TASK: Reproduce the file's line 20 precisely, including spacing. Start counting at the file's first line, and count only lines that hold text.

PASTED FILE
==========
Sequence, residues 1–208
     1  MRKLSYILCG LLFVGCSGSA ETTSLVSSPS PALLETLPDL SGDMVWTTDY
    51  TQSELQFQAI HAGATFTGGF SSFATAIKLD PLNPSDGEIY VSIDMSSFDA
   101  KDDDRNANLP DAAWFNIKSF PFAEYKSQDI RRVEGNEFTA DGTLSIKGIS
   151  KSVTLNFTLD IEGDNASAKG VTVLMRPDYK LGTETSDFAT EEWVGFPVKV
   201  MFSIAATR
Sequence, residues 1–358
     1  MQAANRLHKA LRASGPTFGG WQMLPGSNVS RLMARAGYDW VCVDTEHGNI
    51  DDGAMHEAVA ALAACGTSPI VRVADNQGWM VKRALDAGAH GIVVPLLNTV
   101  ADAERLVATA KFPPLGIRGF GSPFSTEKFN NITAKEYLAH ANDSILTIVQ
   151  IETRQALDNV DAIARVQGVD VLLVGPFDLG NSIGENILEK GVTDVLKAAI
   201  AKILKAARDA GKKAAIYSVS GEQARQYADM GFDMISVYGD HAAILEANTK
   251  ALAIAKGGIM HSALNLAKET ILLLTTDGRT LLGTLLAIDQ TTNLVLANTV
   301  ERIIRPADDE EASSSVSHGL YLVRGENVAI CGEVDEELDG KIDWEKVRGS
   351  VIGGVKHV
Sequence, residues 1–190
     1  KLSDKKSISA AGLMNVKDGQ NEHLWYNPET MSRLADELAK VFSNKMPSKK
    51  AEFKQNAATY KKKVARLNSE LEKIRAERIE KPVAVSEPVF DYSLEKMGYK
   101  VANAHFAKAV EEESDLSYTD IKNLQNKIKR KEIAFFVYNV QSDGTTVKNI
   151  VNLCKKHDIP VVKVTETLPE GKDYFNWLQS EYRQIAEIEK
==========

   151  VNLCKKHDIP VVKVTETLPE GKDYFNWLQS EYRQIAEIEK